Doesn’t Christianity condone slavery? Why doesn’t the Bible explicitly condemn slavery and forbid it?
Guest preacher, Rev. Dr. Raymond F. Cannata of Redeemer Presbyterian Church in New Orleans, Louisiana takes on this question and more.
Though many Christians have themselves become agents of terror, and left slavery in their wake, the standards by which they stand condemned for this are themselves Christian. — (Atheist) Tom Holland, Dominion (2019).
“Pastor, that is not the Gospel at all.” — slave to Rev. Charles Colcock Jones, Liberty, GA (1853)
The church must face its moral failures: many Christians have sinned with respect to slavery, and many white Christians have sinned against black victims of that oppressive and dehumanizing institution. But we must also ask, how many generations of faithful black believers do there need to be in America before we stop associating Christianity with white slave-owners and start listening to the voices of black believers that echo down to us through the blood-stained centuries? — Dr. Rebecca McLaughlin, Confronting Christianity
The whole concept of the imago dei is the idea that all men have something within them that God injected… It gives him a worth. It gives him dignity. And we must never forget this as a nation, that there are no gradations in the image of God. Every human being from a treble white to a bass black is significant on God’s keyboard precisely because every human being is made in the image of God. This is why we must fight segregation with all of our non-violent might. — Rev. Dr. Martin Luther King
True Christians consider themselves not as satisfying some rigorous creditor, but as discharging a debt of gratitude. — William Wilberforce (1807)
If a man makes that which truly belongs to God into his own private property… and thinks himself the master of men and women, what could follow but an arrogance exceeding all nature. — Bishop Gregory of Nyssa (CE 370)
The local pulpit taught us that God approved of slavery, that it was a holy thing and that the doubter need only look in the Bible. — Mark Twain
Sermon Text: Philemon
Paul, a prisoner for Christ Jesus, and Timothy our brother, To Philemon our beloved fellow worker 2 and Apphia our sister and Archippus our fellow soldier, and the church in your house: 3 Grace to you and peace from God our Father and the Lord Jesus Christ. 4 I thank my God always when I remember you in my prayers, 5 because I hear of your love and of the faith that you have toward the Lord Jesus and for all the saints, 6 and I pray that the sharing of your faith may become effective for the full knowledge of every good thing that is in us for the sake of Christ. 7 For I have derived much joy and comfort from your love, my brother, because the hearts of the saints have been refreshed through you. 8 Accordingly, though I am bold enough in Christ to command you to do what is required, 9 yet for love’s sake I prefer to appeal to you– I, Paul, an old man and now a prisoner also for Christ Jesus– 10 I appeal to you for my child, Onesimus, whose father I became in my imprisonment. 11 (Formerly he was useless to you, but now he is indeed useful to you and to me.) 12 I am sending him back to you, sending my very heart. 13 I would have been glad to keep him with me, in order that he might serve me on your behalf during my imprisonment for the gospel, 14 but I preferred to do nothing without your consent in order that your goodness might not be by compulsion but of your own accord. 15 For this perhaps is why he was parted from you for a while, that you might have him back forever, 16 no longer as a bondservant but more than a bondservant, as a beloved brother– especially to me, but how much more to you, both in the flesh and in the Lord. 17 So if you consider me your partner, receive him as you would receive me. 18 If he has wronged you at all, or owes you anything, charge that to my account. 19 I, Paul, write this with my own hand: I will repay it– to say nothing of your owing me even your own self. 20 Yes, brother, I want some benefit from you in the Lord. Refresh my heart in Christ. 21 Confident of your obedience, I write to you, knowing that you will do even more than I say. 22 At the same time, prepare a guest room for me, for I am hoping that through your prayers I will be graciously given to you. 23 Epaphras, my fellow prisoner in Christ Jesus, sends greetings to you, 24 and so do Mark, Aristarchus, Demas, and Luke, my fellow workers. 25 The grace of the Lord Jesus Christ be with your spirit.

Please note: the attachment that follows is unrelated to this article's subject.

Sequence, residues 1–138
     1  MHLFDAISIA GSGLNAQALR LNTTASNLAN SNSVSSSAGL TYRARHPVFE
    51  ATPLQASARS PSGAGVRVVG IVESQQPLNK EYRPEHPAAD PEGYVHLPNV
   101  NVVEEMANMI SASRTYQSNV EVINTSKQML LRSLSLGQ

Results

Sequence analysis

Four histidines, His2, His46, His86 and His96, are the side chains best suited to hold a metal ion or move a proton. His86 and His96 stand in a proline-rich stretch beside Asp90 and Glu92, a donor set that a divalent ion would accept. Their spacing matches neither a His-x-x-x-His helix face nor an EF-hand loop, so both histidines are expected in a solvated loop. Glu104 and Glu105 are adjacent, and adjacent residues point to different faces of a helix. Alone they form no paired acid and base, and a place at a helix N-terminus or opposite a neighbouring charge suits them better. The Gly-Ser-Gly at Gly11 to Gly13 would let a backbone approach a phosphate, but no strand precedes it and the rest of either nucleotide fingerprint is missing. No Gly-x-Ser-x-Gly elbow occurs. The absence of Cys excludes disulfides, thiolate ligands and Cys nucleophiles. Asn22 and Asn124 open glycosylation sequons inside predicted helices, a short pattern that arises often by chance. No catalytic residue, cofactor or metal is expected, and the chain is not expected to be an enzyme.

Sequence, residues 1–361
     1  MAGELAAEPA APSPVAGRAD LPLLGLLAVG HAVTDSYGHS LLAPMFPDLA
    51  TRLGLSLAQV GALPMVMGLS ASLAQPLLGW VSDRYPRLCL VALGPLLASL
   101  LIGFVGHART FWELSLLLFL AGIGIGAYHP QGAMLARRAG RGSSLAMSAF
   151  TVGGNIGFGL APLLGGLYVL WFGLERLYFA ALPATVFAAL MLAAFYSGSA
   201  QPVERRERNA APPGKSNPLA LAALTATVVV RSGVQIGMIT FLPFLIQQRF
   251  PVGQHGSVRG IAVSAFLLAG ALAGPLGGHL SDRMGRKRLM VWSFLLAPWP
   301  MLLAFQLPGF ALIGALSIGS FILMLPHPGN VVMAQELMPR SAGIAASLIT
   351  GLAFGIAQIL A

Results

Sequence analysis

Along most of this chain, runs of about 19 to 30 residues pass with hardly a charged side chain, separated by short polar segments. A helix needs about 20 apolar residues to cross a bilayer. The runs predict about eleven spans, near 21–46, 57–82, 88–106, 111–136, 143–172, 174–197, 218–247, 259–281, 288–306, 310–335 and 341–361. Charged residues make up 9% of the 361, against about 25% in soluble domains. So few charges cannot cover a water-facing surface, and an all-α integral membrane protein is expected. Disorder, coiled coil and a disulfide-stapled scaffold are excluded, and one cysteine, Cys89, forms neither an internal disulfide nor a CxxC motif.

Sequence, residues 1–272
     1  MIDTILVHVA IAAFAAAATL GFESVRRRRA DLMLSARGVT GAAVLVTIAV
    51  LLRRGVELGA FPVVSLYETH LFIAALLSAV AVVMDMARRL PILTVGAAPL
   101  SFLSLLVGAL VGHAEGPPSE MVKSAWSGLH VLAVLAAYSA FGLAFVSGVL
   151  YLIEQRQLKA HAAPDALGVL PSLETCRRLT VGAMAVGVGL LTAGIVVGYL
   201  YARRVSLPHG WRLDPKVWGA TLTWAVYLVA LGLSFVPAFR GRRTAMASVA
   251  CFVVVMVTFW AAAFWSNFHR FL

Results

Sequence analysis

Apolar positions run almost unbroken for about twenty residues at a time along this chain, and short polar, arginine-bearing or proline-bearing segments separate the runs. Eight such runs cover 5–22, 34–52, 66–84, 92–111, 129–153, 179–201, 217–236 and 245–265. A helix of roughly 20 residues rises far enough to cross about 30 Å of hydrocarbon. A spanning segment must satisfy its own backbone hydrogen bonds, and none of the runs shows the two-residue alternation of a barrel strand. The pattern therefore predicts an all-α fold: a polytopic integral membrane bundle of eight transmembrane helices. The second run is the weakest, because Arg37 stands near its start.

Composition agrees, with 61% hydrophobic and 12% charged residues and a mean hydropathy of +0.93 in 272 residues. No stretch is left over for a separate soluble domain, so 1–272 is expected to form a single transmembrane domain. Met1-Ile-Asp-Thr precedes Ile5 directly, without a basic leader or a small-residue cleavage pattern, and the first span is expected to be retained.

This is part six of a new sermon series at New Life Presbyterian Church called, Hard Questions, Real Answers. Here is the schedule of our sermon series with the topics we will cover:
|9/10/23||How can we say that Christianity is the one true religion?|
|9/17/23||How can we say that the Bible is the only true religious text?|
|9/24/23||How can we take the Bible literally?|
|10/1/23||How can a loving God allow suffering?|
|10/8/23||Doesn’t science disprove religion?|
|10/15/23||Doesn’t Christianity allow slavery?|
|10/22/23||How can you believe in hell?|
|10/29/23||How can I be in the Church when it has hurt me and so many others?|
|11/5/23||Isn’t Christianity anti-women?|
|11/12/23||Isn’t Christianity homophobic?|
|11/19/23||How can we adhere to a religion with so many problems?|
“Doesn’t Christianity Condone Slavery?” a sermon preached by Rev. Dr. Raymond F. Cannata on Sunday, October 15, 2023 at New Life Presbyterian Church, 950 Danby Rd., Ithaca, NY. Join us for worship every Sunday at 10:00AM. Visit us at our website at www.newlifeithaca.org.
The intro and outro music is from “We Will Feast in the House of Zion” provided by Sandra McCracken and with her permission. Please visit her website at www.sandramccracken.com.